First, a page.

After completing a few chapters, I told my wife I wanted to pursue this project to publication. I had been warned me not to give my writing to family members because they would probably be biased. I’m lucky, though. My wife has never had any problem with criticizing me, so she has been a very useful beta reader. She doesn’t usually read this genre so she can be even more objective. I’ve also had great help from my daughters and their school friends, so that gave me a lot more feedback.

At this time I had a full time job and a family to look after. Time to write was sometimes a problem. The worst thing was that we only had one desktop computer with internet connection – and my wife is an internetoholic. I had to nip in from time to time to do any research, and I needed a lot of that. One piece of luck is that I found out two of my friends from work were members of historical reenactment groups. They were happy to read my manuscript and confirm that I’d made no historical blunders.

One trick I’ve found to be of great value is reading my work out loud. I wait until I have the back veranda to myself and start. The dog always looks confused. ‘Who’s he talking to now?’ But he soon walks away. If the words don’t flow well, reading them out loud will really accentuate that. If I have any problem reading my own work, my readers will have real trouble.

I also read my work over loads of times. If I find I’m having trouble writing, it is usually because there is a problem with what I’ve already written. Before I start, I write a brief biography of my main characters. Probably half a page each. Most of what I write will never be in the book – the school environment, bullying as a child, deprivation as a serf etc. But I really know my characters. So if I start writing something uncharacteristic, I’ll know in my subconscious. I’ll also know if my story is going away from its logical course, even though that was my planned course. This is a great gift I have. It saves me finding out later when correcting the problem would be a lot of work.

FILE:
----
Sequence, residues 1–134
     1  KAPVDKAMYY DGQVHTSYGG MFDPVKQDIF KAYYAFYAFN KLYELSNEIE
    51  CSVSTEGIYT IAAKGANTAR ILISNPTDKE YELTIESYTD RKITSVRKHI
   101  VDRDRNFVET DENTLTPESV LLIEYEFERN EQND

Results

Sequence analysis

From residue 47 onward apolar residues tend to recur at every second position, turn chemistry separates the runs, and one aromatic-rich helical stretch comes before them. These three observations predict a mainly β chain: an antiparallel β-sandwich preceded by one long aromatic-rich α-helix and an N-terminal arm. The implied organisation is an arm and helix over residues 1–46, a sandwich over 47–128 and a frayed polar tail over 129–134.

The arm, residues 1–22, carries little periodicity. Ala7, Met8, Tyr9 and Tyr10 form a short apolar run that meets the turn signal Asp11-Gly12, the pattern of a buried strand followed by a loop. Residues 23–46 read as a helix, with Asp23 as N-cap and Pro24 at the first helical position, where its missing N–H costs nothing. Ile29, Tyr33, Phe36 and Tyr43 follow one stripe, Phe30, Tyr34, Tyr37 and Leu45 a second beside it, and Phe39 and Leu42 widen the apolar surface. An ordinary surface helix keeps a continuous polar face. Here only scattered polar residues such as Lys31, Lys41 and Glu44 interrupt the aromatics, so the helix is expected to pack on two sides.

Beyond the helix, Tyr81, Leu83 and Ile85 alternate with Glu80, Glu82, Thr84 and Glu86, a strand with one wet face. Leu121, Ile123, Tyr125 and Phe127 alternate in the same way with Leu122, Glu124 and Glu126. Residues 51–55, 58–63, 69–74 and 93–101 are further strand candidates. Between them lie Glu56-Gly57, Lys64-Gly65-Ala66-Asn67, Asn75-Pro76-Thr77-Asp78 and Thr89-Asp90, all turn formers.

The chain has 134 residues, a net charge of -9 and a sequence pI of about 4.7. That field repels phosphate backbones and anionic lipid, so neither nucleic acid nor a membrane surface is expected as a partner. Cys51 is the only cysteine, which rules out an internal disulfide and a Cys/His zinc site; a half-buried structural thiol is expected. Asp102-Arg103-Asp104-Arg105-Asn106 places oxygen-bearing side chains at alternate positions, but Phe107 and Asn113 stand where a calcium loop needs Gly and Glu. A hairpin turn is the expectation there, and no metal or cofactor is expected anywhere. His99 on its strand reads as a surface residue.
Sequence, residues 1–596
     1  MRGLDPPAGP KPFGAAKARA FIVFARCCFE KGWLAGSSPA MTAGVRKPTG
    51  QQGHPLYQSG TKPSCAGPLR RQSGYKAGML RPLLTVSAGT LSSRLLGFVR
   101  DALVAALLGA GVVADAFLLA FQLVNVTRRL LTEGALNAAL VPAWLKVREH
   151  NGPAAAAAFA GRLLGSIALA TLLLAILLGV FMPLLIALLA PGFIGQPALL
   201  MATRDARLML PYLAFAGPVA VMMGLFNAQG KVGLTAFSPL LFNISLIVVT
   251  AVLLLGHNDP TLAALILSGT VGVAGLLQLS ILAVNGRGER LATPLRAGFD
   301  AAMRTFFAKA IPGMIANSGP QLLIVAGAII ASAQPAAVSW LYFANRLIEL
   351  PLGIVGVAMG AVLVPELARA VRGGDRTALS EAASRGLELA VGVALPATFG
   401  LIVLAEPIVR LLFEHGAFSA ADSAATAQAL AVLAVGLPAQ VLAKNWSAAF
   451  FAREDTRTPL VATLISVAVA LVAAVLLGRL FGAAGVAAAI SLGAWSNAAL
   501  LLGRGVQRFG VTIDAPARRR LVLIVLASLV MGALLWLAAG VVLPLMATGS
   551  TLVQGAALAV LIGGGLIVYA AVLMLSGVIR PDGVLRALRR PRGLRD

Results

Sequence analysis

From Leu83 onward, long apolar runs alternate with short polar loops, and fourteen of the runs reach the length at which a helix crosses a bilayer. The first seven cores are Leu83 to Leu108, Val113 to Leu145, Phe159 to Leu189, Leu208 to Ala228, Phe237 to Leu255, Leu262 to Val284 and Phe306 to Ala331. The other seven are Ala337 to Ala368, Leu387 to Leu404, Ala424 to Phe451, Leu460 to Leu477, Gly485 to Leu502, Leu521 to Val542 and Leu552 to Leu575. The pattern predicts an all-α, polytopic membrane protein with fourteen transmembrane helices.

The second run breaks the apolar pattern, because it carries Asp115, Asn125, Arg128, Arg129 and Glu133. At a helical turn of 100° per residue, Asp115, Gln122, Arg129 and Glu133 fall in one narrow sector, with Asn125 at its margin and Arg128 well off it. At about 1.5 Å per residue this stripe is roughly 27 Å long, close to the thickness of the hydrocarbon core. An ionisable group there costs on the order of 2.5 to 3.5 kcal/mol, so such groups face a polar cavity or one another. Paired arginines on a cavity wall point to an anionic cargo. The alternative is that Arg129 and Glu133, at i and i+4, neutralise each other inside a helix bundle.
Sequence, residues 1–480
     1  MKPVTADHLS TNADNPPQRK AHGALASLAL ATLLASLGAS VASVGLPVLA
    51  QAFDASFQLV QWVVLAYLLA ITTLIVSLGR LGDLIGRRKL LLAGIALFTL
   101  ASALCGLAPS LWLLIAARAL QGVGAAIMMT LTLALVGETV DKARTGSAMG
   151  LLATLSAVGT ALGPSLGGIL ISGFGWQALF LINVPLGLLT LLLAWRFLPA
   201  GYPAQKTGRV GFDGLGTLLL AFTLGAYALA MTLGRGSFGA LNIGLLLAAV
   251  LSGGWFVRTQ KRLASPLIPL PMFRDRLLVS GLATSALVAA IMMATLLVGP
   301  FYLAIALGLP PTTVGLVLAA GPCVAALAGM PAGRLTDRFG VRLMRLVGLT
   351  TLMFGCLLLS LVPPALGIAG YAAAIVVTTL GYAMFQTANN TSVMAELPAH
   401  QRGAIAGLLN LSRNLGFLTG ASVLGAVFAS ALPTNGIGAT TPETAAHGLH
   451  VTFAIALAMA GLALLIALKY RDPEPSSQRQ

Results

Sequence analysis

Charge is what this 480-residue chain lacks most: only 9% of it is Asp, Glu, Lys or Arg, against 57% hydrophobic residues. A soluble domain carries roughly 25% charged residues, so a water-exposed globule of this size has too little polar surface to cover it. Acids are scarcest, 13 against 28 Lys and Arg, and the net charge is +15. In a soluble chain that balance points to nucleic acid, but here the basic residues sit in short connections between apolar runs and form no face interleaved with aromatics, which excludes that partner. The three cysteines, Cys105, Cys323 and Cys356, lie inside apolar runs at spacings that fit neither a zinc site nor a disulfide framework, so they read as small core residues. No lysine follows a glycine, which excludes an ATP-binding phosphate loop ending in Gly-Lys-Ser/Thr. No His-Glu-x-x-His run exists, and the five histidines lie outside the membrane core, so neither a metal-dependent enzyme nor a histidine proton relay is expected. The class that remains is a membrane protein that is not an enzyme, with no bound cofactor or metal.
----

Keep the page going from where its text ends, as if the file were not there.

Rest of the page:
What did your publisher expect from you in terms of rewrites?

Zeus’ editor required very few alterations to my work. I’d edited it myself so many times, it was as good as my skills could take it.

Lachesis, Canada, was different. There was translating it into the Canadian idiom (not as bad as if it was the USA). And Lachesis is a stickler for correct English as far as modern publishing is concerned. I wasn’t allowed to use dialogue tag adverbs or said bookisms. I had to be very careful because I’d been guilty of head hopping. So there was a lot of editing but no re-writing.

Did you do a book proposal?

Here, again, I was lucky. I was advised to buy the book A Decent Proposal and it helped. I stuck religiously to the requirements listed on the website of the publisher I was targeting. For Lachesis this was very specific. It means every proposal I sent had to be written individually but luckily there have only been a very few of those. But A Decent Proposal explained what (and why) the publisher wanted and how to supply it. It took a bit longer to write the proposal but I’m sure it was worth it.

Tomorrow, Richard talks about how he promotes his books – about his popular book signings and talks to groups.